You might remember an early concept from the annexation back in 2010.
In 2016 water was an issue, and a commenter said
The issue that is concerning neighbors is actually the drainage from this property. Since it was used for agriculture for decades we know that insecticides and other chemicals were used. That contamination is likely still in the area and a creek runs through this property. Neighbors worry that it might be leaching into the creek. They also worry that digging on the property could also disturb the contamination and it will also go into the creek.And earlier this year, from the same commenter, who has been following the project:
There was a proposal to build a large Planned Unit Development of over 800 row houses on more than 100 acres at the old Pictsweet property. Well, the plans have changed dramatically. Now the plan is not to build townhouses on skinny lots, but a more traditional single family houses on 3400 to 4500 square foot lots. Total number is down to 659 houses with a density of about 8 units per acre.So after a few iterations of revision and adjustment, there is a firmer concept at the Planning Commission:
An application for a 695-unit Planned Unit Development and Subdivision to be completed in six phases, a Minor Comprehensive Plan Map Amendment and Zone Change from CR (Retail Commercial) to RM-II (Multi-Family Residential) for approximately 2.11 acres, and from IP (Industrial Park) to RS (Single Family Residential) for approximately 3.25 acres, and a Class 2 Adjustment to reduce the amount of required off-street parking spaces for the 36-unit multi-family portion of the PUD from 77 spaces (2.14 per unit) to 64 spaces (1.77 spaces per unit).
So it's not obvious that higher density forms were well-suited here.
But more people might also have created the demand for more frequent bus service.
The street grid looks ok. Two main north-south streets will create connections, and one of them can be striped with a bike lane. The Staff Report will probably have more detail on this.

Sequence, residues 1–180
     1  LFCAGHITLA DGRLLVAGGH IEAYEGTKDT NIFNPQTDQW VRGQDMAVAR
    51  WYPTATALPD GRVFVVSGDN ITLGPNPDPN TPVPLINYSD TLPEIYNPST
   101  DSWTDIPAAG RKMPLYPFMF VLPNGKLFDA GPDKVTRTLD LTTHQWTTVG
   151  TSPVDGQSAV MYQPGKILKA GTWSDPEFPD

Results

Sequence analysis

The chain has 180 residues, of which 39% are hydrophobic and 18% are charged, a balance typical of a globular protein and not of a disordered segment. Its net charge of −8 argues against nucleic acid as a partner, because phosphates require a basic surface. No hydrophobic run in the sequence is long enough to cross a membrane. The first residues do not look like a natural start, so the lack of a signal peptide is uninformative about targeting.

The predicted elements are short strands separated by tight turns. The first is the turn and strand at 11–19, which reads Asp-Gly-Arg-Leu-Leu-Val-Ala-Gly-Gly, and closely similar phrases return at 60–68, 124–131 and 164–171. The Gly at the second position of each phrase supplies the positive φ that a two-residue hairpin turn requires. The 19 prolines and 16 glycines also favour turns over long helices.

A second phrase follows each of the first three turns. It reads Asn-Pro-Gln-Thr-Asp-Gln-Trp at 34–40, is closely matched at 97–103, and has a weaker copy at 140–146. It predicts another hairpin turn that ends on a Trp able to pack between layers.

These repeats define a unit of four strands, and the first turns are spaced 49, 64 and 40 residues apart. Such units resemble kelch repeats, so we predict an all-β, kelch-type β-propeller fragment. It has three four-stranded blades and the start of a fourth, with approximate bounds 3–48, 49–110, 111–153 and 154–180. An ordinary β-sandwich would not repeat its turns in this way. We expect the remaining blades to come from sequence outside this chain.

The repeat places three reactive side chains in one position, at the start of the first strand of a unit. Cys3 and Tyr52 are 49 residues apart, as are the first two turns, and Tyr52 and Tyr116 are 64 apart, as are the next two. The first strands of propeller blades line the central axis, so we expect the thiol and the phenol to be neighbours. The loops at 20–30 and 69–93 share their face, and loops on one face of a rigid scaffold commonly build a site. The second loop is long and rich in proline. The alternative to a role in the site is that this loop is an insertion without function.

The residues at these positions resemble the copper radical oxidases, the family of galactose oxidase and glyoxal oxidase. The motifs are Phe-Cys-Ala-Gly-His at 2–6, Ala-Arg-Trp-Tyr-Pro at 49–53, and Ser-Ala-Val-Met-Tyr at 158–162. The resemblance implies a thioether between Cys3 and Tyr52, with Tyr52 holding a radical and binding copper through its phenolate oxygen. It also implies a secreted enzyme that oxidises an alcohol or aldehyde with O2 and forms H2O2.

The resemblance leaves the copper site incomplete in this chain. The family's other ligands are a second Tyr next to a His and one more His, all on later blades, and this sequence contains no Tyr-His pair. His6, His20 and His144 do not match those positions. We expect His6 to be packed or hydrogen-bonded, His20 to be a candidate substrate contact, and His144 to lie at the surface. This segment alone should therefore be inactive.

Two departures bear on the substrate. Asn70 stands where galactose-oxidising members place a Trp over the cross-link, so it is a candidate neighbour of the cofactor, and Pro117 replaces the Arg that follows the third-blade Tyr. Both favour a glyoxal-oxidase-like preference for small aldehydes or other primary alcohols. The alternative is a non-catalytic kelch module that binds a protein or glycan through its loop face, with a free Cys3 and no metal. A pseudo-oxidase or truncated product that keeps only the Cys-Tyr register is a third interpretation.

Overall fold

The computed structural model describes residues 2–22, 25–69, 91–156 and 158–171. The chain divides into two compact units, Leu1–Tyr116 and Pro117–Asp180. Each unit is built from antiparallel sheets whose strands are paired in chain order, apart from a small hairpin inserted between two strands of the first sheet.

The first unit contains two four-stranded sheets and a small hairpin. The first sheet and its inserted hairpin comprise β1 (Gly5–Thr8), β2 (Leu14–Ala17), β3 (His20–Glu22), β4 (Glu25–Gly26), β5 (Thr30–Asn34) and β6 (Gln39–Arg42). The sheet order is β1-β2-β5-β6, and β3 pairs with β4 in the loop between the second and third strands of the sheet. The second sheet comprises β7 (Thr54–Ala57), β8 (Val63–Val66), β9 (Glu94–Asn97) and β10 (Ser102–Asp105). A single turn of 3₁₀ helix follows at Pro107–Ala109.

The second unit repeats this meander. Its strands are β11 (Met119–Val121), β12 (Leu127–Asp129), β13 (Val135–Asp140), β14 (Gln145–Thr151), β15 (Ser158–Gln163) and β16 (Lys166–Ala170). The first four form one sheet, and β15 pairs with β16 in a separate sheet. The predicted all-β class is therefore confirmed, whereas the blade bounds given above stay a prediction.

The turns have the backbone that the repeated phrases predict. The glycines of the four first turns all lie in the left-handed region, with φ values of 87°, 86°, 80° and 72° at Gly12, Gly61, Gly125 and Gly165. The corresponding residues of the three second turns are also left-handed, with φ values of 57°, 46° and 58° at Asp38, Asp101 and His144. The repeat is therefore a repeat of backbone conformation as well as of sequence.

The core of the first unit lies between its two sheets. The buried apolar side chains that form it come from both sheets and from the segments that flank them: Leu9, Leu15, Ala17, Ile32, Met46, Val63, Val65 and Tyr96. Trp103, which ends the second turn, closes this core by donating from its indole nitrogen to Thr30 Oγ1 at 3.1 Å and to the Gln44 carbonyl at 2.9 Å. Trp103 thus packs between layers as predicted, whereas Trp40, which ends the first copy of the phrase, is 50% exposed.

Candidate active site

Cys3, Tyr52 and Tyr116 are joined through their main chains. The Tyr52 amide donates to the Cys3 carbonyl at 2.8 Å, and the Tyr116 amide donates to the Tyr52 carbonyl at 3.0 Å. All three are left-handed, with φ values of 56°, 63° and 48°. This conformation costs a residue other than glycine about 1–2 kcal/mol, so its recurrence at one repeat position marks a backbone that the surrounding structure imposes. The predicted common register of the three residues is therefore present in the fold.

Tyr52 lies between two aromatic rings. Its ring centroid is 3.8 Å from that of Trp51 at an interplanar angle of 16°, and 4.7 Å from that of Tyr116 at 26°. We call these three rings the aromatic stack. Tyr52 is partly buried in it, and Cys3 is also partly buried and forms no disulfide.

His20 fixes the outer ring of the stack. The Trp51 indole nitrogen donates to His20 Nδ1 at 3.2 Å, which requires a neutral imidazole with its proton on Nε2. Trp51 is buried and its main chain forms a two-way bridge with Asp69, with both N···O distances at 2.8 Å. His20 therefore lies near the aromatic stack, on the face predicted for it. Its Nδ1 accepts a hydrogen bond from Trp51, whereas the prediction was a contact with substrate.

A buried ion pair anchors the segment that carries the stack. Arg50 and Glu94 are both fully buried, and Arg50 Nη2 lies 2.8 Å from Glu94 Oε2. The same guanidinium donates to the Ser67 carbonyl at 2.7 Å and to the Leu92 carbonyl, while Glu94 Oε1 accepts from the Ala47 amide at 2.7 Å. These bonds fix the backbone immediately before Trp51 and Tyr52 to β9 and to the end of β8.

|Bike lanes proposed for Auburn and for a new north-south street|
A path also proposed for the Geer Line alignment
|South half with Cougar and Greencrest Connecting|
Note park and commercial cluster on the southeast corner
|North half with Greencrest connecting, but Cougar deadends|
Note stormwater detention basin on northeast corner
The Planning Commisson meets on Tuesday, September 17th.
Update, September 14th
The Staff Report is out, and the most notable thing about it is just the sheer quantity of conditions that staff propose the Commission adopt as part of the recommended approval.
|56 proposed conditions for approval!|
Contamination might very well be an issue, for example. Alas, the Staff Report does not directly address this and instead appeals to a procedural excluse: We have a certificate in hand from DEQ that says "no problem." (I just want to read a Staff Report that says, "While we have approval from this agency, questions remain and we recommend further investigation.")
|Contamination is dismissed by a procedural move|
On transportation things, you'll notice that proposed condition number 55, which calls for a segment of multi-use path along Cordon Road. That'll likely be an orphaned segment for a while, however, disconnected from any other segments.
Significantly, that condition also calls for east-west sidewalk connections between Panther Street and the MUP at 600 feet intervals. There's not a lot of external connectivity on the east and west boundaries of the project. Connections from the east and west are mainly along busy roads, Auburn and State Streets.
|The Geer Line right-of-way is a mess|
This is just one of the City's great missed opportunities.
A more minor missed opportunity might be Cherriots', as they declined to offer comment on the project.
|Cherriots declined to comment|
The Staff Report confirms that Greencrest is the main street through the development.
|Greencrest is the collector|
The applicant’s proposal shows the extension of (future) Greencrest Street NE, designated a Collector B in the Salem TSP, intersecting with State Street in an alignment that does not conform with the existing Salem TSP. The proposed intersection aligns with Oakmont Court SE, more than 600 feet east of the designed transportation system, therefore a TSP Amendment is required. As of this writing, the applicant has applied for a TSP Amendment, however approval has not yet been obtained. Prior to commencement of work in Phase 1, the applicant shall obtain City Council approval for an amendment to the Salem TSP to modify the alignment of (future) Greencrest Street NE.The proposed alignment of Cougar Street was more in line with the TSP's expectation for a Collector Street. As proposed, Cougar also would have an offset at the intersection with State Street, and the City wants it in line with the street on the south side of State.